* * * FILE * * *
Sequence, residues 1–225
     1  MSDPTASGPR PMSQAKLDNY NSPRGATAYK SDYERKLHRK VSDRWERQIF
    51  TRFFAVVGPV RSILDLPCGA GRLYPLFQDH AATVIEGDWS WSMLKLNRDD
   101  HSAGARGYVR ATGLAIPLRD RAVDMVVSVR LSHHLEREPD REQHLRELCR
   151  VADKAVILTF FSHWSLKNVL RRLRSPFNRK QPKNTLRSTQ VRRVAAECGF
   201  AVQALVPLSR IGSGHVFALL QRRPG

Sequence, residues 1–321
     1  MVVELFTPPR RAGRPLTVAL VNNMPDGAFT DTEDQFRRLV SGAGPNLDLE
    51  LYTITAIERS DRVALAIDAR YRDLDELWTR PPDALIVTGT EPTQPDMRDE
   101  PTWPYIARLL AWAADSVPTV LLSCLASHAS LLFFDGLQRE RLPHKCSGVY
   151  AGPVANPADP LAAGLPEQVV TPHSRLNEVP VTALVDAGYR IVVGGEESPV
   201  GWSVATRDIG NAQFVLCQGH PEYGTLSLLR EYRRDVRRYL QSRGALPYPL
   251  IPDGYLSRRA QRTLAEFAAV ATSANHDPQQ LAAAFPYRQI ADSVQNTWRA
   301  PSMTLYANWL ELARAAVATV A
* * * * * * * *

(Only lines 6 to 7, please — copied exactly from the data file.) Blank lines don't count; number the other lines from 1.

   201  AVQALVPLSR IGSGHVFALL QRRPG

Sequence, residues 1–321